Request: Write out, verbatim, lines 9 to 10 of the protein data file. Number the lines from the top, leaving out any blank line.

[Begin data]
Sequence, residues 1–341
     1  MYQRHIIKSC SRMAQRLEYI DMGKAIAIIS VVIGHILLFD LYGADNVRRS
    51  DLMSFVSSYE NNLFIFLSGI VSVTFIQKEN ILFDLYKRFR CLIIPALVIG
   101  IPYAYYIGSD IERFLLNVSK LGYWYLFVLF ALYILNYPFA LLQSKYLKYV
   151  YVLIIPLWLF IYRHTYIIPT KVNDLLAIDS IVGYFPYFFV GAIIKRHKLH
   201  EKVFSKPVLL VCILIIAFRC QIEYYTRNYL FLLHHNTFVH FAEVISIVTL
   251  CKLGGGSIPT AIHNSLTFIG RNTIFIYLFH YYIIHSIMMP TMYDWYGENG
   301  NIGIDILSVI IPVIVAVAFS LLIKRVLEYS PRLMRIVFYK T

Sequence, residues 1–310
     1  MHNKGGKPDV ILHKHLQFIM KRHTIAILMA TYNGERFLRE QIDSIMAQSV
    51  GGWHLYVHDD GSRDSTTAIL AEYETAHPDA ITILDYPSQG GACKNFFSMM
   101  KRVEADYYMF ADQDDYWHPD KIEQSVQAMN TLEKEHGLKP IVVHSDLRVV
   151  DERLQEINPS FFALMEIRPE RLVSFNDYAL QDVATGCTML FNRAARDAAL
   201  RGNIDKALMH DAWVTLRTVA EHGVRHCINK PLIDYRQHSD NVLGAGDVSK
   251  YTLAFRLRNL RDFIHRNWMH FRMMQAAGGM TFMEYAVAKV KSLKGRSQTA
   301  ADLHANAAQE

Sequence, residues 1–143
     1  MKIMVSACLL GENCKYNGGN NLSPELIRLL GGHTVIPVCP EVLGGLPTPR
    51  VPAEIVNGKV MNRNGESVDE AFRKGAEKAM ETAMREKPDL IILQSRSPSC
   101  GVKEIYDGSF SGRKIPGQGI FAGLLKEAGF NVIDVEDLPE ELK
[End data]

Sequence, residues 1–310
     1  MHNKGGKPDV ILHKHLQFIM KRHTIAILMA TYNGERFLRE QIDSIMAQSV